In partnership with Autism Awareness Australia
Autistic people may also be diagnosed with another co-occurring condition. Knowing what these conditions are can help you navigate the different assessments and interventions required.
Many autistic people have other conditions that impact their life. This is called ‘comorbidity’. These co-morbid or ‘co-occurring’ conditions may not appear until adolescence or adulthood. They may also come and go throughout a person’s life.
Co-occurring conditions can be related to genetics and heritability, medical, developmental and mental health co-morbidities.
These can include:
The types of co-occurring conditions, and the effects they have, vary from one person to the next. They can exacerbate the impact of autism and affect any therapies or interventions a person is receiving. Some can have quite serious implications, so it’s crucial they be identified as early as possible and treated separately.
“Co-occurring conditions can exacerbate traits associated with autism,” says Professor Amanda Richdale.
While studies suggest having autism increases the likelihood of having a co-occurring condition, researchers still don’t know exactly why. There are likely to be factors relating to genetics, environment, and a combination of these two factors that increase risk. It is also likely that the symptoms related to many of these comorbidities overlap. More research needs to be done to fully understand the complex relationship between autism and other issues.
WHY CAN CO-OCCURRING CONDITIONS BE DIFFICULT TO IDENTIFY?
It can be difficult diagnosing both autism or a co-occurring condition because the traits of one can mask the other, or make them difficult to assess. It is also common that services that specialise in one domain (e.g. diagnosis of autism) may not specialise in other domains (sleep or mental health concerns) and this means that different comorbidities may be identified depending on the expertise of the assessing clinician.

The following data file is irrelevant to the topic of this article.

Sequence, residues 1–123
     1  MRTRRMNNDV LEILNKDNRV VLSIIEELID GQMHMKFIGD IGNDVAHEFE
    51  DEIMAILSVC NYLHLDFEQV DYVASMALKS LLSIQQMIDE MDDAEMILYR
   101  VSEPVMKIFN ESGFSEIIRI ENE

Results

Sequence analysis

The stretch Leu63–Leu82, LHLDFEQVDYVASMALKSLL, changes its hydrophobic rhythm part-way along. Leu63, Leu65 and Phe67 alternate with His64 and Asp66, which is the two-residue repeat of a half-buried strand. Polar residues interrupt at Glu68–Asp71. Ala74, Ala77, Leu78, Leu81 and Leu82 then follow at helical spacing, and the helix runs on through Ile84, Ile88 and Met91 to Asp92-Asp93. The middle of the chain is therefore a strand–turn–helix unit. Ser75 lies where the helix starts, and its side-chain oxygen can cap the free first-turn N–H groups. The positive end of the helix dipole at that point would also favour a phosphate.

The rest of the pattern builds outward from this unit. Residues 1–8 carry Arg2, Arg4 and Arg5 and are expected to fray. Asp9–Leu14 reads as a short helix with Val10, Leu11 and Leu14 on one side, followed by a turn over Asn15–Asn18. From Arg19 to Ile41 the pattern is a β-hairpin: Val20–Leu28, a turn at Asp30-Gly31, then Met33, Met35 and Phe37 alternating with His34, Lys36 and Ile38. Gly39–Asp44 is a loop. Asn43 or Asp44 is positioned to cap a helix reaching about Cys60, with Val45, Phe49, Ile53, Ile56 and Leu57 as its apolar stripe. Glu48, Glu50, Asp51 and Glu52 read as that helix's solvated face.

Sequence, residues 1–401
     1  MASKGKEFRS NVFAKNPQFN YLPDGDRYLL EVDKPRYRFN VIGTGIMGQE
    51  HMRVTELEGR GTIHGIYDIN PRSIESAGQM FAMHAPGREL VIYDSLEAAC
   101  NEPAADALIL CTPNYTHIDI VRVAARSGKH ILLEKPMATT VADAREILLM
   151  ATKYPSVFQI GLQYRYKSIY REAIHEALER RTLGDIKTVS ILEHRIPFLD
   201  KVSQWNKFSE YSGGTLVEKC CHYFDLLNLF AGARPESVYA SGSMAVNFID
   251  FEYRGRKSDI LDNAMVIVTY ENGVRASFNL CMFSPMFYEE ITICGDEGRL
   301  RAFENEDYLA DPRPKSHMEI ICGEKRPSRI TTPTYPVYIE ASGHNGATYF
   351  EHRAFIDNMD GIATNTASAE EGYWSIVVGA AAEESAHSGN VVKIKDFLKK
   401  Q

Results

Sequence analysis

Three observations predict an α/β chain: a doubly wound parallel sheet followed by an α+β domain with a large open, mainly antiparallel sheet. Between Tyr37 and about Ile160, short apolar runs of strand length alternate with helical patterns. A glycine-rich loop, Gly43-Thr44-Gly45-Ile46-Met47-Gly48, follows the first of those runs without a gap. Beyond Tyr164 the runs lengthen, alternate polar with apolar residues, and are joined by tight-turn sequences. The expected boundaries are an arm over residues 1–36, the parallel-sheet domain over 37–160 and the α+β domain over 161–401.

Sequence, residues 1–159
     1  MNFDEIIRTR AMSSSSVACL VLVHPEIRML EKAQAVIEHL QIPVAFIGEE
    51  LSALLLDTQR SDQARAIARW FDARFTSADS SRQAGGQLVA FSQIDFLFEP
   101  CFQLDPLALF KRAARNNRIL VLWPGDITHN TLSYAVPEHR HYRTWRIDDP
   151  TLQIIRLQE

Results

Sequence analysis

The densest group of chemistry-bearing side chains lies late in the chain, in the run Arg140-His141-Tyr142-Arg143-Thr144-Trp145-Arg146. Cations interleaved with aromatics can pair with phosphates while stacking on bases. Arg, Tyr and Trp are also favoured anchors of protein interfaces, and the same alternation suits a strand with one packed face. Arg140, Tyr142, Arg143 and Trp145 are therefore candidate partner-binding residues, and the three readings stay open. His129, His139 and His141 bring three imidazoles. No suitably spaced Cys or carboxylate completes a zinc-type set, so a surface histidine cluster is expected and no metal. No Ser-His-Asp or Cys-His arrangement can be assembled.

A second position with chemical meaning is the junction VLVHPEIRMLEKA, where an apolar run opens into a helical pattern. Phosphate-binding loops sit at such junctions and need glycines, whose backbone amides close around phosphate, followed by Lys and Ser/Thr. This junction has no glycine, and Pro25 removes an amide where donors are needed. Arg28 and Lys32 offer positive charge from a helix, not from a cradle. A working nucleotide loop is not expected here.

For example, a non-speaking person may not be able to effectively communicate feelings of depression or anxiety, and pain from gastrointestinal issues may be misinterpreted as a sensory overload. It can sometimes be hard for specialists to determine the cause of a symptom, and if it is related to autism or a separate condition.
Likewise, some traits that are similar to autistic ones can impede an accurate autism diagnosis. For example, a child may be diagnosed with a language delay when they are actually on the spectrum and quietly struggling with a raft of other autism-related issues.
ADHD traits can also look very similar to those of autism and mask the condition. This then delays when (or if) a child ultimately receives an autism diagnosis.
All of these factors make quantifying the prevalence of autism and co-occurring conditions difficult. Expect that you may need to attend different assessment and intervention services to ensure comorbidity is addressed.
It is important that clinicians with different backgrounds of expertise communicate together when comorbidity is addressed.
GETTING THE RIGHT SUPPORTS FOR CO-OCCURRING CONDITIONS
It can be difficult to access the right interventions for people with co-occurring conditions. People often report having to visit many different specialists, as they need to have expertise in both autism and the comorbidity to be able to provide effective care. This is one of the reasons it is really important to get multidisciplinary care, so that people with different expertise can work together and solve complex needs together and provide effective care.
- Many autistic people have other conditions that impact their life. This is called ‘comorbidity’ or ‘co-occurring conditions’.
- Diagnosing autism or a co-occurring condition is sometimes difficult.
- Anywhere between 60-95% of autistic people are estimated to be living with other medical conditions or disorders.
Reproduced with permission from Autism: What Next? autismwhatnext.com.au